Remember Microsoft’s Courier project? It’s been almost a decade since Microsoft killed the dual-screened tablet device, before it ever saw the light of day. And yet, rumors of dual-screen Windows devices continue to show up every few months.
This week, the rumor mill took a slightly more interesting turn, with WinFuture reporting that Dell was working on a dual-screen device running Windows 10, powered by an unreleased Qualcomm Snapdragon 850 processor. Codenamed Januss (after the two-faced Roman god), the Dell device could have been in development as far back as last summer.
Something didn’t quite smell right with the original rumor, so we decided not to cover it. And sure enough, Windows Latest found a demo application that apparently was not used at Dell’s event last month; meanwhile, The Verge learned that the documents in question were old, and the project may have been shelved or changed significantly over the past year.
In any case, the suggestion that not just Microsoft, but computer manufacturers, are exploring putting Windows 10 on dual-screen devices is a curious twist. It’s particularly intriguing if you couple it with news that the latest Windows 10 build, released just yesterday, apparently includes this tidbit:
Does this mean Windows 10 is going to support dual-screen devices? I sure hope not. At least, not yet.
In my experience with the ZTE Axon M, a dual-screen Android phone, and various prototypes that I’ve had a chance to see over the years, these devices are still very much gimmicks. That doesn’t mean that they won’t one day have their place, but Microsoft should be cautious about supporting dual screens just to support dual screens.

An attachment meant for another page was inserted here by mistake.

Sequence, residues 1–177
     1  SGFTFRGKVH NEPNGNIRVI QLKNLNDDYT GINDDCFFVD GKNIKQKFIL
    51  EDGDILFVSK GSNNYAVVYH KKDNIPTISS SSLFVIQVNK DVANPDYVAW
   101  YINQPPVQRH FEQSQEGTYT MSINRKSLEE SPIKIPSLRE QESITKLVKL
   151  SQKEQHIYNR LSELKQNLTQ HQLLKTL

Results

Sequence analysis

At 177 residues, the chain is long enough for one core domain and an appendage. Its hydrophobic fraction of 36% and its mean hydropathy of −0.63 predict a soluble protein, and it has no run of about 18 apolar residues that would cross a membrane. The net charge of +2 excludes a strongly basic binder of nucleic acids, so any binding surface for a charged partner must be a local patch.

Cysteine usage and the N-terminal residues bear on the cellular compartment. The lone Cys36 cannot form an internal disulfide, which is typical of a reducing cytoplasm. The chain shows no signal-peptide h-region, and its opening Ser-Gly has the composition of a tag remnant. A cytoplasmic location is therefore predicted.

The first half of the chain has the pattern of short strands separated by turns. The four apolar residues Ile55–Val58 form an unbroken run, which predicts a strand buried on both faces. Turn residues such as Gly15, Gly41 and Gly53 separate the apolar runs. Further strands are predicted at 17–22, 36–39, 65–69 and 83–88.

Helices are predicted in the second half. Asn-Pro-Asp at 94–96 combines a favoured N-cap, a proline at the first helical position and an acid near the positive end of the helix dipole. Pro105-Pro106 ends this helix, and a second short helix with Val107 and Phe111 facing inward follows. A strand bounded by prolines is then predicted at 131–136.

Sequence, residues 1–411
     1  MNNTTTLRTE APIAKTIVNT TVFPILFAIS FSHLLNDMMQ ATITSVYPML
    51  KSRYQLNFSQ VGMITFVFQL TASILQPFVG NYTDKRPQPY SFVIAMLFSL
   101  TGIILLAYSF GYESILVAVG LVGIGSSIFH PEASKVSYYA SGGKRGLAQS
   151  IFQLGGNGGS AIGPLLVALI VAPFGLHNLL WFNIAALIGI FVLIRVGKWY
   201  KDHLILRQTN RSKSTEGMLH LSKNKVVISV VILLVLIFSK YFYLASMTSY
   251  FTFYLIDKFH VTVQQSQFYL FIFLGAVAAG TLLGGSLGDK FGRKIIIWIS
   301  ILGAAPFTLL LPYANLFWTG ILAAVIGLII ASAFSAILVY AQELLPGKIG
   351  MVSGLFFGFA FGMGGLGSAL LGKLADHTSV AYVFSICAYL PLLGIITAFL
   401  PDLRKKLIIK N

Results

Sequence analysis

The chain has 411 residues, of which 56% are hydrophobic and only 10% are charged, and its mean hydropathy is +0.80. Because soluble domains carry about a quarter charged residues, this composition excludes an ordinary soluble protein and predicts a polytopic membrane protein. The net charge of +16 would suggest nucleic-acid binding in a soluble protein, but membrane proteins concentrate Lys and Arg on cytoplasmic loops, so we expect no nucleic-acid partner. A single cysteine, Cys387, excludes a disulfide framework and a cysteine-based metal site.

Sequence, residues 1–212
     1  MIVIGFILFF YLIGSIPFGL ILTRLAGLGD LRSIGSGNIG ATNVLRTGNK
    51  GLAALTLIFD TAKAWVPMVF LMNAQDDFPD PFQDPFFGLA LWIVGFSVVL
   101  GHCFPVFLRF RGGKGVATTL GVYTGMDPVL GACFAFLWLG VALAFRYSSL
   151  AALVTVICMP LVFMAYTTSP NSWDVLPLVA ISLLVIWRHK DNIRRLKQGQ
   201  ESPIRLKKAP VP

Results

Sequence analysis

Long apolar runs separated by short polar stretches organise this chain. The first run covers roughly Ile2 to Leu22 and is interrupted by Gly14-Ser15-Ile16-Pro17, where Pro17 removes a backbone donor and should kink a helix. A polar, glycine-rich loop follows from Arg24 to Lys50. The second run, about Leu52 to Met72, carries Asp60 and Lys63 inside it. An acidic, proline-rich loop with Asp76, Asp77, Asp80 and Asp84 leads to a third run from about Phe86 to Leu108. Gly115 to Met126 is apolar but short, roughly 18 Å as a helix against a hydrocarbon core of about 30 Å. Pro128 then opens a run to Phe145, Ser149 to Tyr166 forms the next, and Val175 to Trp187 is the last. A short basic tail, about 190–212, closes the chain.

I’m all for new Windows 10 form factors. After all, experimentation is what drives innovation. That said, there’s a reason nobody has created a successful dual-screen device. The hardware still hasn’t reached a point where there is reason to want two screens on your laptop or tablet or even mobile phone.
The dream is a single screen that can either be folded or rolled up. Two screens, where one can fold on top of the other using a hinge, might be a stepping stone to such a future, or it might be a step we skip altogether.
Either way, we’re not there. It’s been almost a decade and it wouldn’t surprise me if it took another one.
These rumored, prototyped gimmicks don’t deserve Windows. Not yet.
ProBeat is a column in which Emil rants about whatever crosses him that week.